When I practise one of the familiar compositions on the reportoire, I like to make my own score from the manuscript source or from an old edition of the work. Last week I practised Buxtehude’s Ciacona in e minor and created a score from the only manuscript source that is known, Becker III.8.4, owned by the Sächsische Landes- und Universitätsbibliothek. Having done that, I might as well publish it, even though it is hardly a “lesser known work”.
A Ciacona (or Ciaconne) is a musical form where a short bass line is repeated throughout the piece and offers the opportunity for variation, decoration, figuration and melodic invention, both in the other voices as in the bass-line itself. The Ciaconna is very similar to the Passacaglia which is also a set of variations on a short bass melody. It is actually very difficult to define the difference between the two forms. A difference could be that in a Ciacona the bass melody stays in the bass voice, whereas in a Passacaglia, the variations include the melody being played in the other voices as well.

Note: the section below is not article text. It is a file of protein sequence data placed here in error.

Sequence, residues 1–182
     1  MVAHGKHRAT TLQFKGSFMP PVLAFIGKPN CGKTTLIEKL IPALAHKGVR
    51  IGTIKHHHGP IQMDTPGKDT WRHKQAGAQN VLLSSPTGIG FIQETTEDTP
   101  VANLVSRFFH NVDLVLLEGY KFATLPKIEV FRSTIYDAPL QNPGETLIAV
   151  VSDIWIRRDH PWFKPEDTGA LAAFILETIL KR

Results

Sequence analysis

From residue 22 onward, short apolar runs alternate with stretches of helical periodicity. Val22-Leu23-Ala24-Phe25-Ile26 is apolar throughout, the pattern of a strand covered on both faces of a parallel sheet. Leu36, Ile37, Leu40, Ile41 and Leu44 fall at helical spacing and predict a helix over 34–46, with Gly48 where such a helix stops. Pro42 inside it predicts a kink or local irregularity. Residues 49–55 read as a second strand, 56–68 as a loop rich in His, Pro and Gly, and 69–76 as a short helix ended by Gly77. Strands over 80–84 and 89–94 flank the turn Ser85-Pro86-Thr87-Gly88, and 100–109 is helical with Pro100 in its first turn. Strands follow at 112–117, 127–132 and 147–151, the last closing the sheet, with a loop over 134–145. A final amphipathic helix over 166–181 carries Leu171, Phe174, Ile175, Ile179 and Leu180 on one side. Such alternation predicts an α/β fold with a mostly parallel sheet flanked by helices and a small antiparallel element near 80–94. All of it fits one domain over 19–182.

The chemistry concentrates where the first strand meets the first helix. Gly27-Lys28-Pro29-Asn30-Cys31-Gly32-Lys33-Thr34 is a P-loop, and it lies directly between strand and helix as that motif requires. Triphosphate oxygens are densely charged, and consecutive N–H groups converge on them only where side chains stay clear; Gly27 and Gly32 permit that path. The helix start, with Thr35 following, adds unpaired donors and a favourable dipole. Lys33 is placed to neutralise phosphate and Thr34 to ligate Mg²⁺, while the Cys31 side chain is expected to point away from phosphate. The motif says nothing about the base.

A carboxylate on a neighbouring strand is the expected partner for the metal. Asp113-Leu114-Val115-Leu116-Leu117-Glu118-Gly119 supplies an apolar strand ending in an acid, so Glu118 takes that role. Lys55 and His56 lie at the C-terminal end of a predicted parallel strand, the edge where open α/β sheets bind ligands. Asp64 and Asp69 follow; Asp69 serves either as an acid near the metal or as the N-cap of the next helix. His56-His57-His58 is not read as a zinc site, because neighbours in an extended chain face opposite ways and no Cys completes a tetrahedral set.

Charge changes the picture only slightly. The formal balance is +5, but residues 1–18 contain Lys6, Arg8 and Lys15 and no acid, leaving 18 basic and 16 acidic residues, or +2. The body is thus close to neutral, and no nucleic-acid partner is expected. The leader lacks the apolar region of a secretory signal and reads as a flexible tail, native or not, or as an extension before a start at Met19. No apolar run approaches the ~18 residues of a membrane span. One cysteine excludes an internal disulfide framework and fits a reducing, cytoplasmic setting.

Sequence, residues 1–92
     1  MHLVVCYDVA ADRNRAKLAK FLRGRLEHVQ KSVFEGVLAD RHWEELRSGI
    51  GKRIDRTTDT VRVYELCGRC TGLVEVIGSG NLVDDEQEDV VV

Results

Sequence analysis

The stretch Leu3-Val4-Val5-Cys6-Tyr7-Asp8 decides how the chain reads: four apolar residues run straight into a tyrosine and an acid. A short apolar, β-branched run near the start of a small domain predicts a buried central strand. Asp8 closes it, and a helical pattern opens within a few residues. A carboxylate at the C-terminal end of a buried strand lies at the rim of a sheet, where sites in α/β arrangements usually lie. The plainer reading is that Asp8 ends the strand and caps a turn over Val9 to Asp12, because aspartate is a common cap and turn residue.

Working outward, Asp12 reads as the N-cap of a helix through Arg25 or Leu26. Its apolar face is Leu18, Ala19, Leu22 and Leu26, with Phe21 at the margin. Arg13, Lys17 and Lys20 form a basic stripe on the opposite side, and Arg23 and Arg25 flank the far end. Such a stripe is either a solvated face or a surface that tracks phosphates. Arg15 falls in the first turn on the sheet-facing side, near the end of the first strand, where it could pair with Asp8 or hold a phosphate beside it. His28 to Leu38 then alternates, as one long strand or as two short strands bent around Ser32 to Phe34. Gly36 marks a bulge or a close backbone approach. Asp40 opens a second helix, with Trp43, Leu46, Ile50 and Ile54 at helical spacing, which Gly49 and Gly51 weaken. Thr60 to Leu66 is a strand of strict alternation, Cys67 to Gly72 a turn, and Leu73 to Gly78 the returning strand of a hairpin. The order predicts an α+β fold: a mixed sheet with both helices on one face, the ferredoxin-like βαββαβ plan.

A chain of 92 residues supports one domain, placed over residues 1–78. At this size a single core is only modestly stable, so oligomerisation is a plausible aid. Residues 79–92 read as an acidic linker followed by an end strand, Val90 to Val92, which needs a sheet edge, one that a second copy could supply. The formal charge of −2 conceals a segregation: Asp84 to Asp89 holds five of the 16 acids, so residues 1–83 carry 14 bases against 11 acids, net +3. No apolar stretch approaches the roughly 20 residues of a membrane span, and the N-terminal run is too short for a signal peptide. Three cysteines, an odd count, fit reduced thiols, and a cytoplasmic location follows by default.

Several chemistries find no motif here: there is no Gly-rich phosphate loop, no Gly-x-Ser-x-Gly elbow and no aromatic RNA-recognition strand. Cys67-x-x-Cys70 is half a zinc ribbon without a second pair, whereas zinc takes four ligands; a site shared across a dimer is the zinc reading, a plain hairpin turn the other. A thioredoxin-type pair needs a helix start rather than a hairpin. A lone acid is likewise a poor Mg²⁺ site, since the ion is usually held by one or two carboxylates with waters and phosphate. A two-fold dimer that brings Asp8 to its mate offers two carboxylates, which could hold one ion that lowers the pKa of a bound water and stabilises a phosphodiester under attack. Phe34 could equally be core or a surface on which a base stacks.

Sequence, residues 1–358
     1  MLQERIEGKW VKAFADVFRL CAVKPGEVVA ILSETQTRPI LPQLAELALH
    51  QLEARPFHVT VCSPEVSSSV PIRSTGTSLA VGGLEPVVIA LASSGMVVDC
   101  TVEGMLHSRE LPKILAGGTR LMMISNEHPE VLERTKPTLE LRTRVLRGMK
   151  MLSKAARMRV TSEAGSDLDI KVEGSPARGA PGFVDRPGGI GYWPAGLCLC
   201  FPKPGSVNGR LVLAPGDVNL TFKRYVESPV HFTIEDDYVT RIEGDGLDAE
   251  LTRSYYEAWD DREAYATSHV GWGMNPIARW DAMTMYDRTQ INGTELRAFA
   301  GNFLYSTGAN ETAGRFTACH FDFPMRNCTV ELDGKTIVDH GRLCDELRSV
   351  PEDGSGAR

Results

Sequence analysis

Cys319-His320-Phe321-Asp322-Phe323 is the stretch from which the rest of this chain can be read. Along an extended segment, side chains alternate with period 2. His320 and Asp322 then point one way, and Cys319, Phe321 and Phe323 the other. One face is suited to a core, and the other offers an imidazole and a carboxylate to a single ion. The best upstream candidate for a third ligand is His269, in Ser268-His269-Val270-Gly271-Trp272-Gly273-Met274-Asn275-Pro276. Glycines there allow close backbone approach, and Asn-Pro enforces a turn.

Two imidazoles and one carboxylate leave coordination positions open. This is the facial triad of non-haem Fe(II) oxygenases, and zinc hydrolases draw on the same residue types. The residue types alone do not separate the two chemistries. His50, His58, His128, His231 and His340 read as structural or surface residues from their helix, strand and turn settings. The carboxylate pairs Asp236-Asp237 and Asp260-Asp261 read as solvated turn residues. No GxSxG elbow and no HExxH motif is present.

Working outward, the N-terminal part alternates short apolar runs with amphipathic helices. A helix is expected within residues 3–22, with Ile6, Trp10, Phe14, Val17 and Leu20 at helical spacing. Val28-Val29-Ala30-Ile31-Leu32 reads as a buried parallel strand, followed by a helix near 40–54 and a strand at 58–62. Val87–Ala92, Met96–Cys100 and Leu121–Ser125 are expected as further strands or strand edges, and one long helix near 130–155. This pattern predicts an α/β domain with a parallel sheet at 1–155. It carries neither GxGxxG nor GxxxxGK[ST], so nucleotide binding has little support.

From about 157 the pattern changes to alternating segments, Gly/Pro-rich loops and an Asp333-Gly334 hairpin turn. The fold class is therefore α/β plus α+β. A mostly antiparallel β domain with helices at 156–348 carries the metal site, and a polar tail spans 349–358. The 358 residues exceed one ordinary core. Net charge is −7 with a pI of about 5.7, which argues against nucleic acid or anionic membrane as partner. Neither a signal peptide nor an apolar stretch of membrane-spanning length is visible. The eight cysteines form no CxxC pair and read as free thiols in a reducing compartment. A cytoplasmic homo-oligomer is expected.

I don’t know whether this is true for all Ciaconas and Passacaglias in existence. It is (mostly) true however for the Ciacona’s I am familiar with.
This beautiful Ciacona is no exceptiom. The melody, or harmonic outline, and the variations thereof are restricted to the lowest sounding voice. It sounds 31 times in vrious variations.
The recording was done with the Hauptwerk software and the sampleset, made by Sonus Paradisi, of the Schittger organ in the St. Martini-kerk, Groningen (http://www.sonusparadisi.cz/en/organs/netherlands/groningen-st-martini.html).